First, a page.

One of the concepts of the economics of grass cattle that is typically over-looked is understanding the difference between average daily gain (ADG) and gain per acre (G/A). I know you all understand the definition of each so I won't repeat it here but the practical application of this concept is important to potentially boosting profits.
Average daily gain has been so engrained in our minds as the most important metric of grass cattle production that we contextualize every aspect in terms of ADG. If Steer Group 1 has a higher ADG than Steer Group 2, then clearly Steer Group 1 has outperformed Steer Group 2, right? And if Steer Group 1 has a higher ADG than Steer Group 2, then clearly Steer Group 1 is more profitable than Steer Group 2, right?
I am going to challenge your conventional thinking on this.
Let's take a look:
Let's say for example that I have two, 300 acre pastures that are stocked at 2 acres/steer.
In pasture 1, we will graze 150 steers in a season-long system from May 15 to October 15th.
We buy these cattle weighing 500# for $135/cwt. for a total investment of $101,250.
In pasture 2, we will use a double stocking system that grazes twice the number of animals for half the season. So the stocking rate is still 2 acres/steer.
So we will graze 300 steers for 75 days on pasture 2 from May 15 to August 1.
We also will buy these cattle weighing 500# for 135/cwt. for a total investment of $101,250.
Research has shown that ADG in pasture 1 will be about 15% less than ADG in pasture 2 because later in the summer, pasture quality will decline substantially. So in a season-long system, half the time steers are grazing the forage quality is pretty good and the other half of the season, forage quality is not so good. Whereas, in the double stocked system when forage quality declines, steers are pulled and sold.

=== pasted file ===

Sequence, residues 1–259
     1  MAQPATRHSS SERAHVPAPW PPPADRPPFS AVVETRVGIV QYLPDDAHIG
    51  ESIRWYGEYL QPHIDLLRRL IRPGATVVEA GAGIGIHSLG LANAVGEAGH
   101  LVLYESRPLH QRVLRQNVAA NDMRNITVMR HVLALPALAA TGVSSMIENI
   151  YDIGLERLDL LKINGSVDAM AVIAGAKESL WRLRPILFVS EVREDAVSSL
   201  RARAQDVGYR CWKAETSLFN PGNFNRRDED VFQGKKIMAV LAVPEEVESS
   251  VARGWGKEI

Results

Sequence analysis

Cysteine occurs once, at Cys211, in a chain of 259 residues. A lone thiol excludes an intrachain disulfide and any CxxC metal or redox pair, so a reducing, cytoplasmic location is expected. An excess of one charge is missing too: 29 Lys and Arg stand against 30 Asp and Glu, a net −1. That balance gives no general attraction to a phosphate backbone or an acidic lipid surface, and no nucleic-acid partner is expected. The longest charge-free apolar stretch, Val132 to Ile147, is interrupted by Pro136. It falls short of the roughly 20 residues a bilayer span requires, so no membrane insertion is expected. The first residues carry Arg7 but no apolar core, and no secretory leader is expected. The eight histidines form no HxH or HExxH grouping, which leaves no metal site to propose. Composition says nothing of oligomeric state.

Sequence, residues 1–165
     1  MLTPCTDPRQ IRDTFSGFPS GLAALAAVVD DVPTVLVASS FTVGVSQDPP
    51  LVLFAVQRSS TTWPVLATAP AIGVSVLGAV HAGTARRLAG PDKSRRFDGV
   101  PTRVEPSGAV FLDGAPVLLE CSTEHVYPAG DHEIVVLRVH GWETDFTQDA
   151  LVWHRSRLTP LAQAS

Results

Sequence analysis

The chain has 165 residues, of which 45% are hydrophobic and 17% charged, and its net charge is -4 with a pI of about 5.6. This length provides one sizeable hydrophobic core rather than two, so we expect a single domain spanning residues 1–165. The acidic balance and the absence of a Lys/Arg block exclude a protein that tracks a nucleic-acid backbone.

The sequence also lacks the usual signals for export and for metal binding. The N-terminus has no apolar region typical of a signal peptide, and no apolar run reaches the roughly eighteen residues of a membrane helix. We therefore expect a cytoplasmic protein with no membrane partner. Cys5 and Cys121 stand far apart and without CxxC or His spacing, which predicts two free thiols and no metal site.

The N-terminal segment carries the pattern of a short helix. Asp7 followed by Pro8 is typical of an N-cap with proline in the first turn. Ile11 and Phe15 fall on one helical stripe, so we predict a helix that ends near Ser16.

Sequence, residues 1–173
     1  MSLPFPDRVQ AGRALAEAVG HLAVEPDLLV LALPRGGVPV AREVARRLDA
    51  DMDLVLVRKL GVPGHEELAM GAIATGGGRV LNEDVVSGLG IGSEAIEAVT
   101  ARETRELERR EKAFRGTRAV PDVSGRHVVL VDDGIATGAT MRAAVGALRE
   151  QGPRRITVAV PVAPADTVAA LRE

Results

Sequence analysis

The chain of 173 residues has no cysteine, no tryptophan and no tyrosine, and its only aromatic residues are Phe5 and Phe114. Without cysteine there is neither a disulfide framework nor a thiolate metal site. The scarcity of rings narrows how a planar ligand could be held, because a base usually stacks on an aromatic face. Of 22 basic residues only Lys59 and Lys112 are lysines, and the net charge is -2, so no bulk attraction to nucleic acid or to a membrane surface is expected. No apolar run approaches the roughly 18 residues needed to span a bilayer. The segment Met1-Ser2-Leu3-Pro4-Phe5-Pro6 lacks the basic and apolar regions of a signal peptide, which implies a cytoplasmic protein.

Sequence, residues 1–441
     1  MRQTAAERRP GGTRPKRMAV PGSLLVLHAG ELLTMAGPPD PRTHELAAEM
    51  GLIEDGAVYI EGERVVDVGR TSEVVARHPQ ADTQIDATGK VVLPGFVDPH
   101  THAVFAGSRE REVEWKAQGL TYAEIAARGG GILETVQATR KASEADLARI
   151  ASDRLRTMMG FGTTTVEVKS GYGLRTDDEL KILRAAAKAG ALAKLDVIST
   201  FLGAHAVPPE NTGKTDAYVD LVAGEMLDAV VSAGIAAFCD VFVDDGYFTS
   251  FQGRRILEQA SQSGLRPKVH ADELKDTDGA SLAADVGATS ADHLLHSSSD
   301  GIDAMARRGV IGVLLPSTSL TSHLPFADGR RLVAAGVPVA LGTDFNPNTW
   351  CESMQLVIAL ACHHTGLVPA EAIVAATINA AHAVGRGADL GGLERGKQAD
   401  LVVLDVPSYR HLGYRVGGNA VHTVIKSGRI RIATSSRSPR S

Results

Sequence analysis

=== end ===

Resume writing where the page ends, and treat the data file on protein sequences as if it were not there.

So we will estimate that ADG in pasture 1 will be 1.8 lb/day and in pasture 2 ADG will be 2.1 lb/day.
Over the 150 days of grazing in pasture 1, steers will gain 270# for a final weight of 770# and we'll sell those steers at today’s price of $116/cwt for a gross return of $133,980.
Over the 75 days of grazing in pasture 2, steers will gain 157.5# for a final weight of 657# and we'll sell those steers at today’s price of $126/cwt for a gross return of $248,346.
We’ll assume $50/hd for operating costs.
When we look at net return for each pasture, it will look like this:
If you make this comparison by only looking at ADG, it looks like pasture 1 in the season-long system should have outperformed pasture 2 by quite a bit; and it did on production of beef basis.
But in reality, pasture 2 out performed pasture 1 by 18% on a net profit basis, even though pasture 2 gained 41% less weight per head.
How can that be??
It is a function of gain/acre. Even though steers in pasture 2 gained less total weight per head than steers in pasture 1, there were twice as many of them in pasture 2 so the total return on the gain per acre and therefore, net profit is more for pasture 2.
The other thing to consider is the inherent price slide in the cash market which you will capture with more animals that weigh less.
So your Return on the Gain/Acre is:
Pasture 1: $186.88
Pasture 2: 195.84
Sounds too good to be true?? It is simply taking advantage of the principal of return on G/A rather than return on ADG.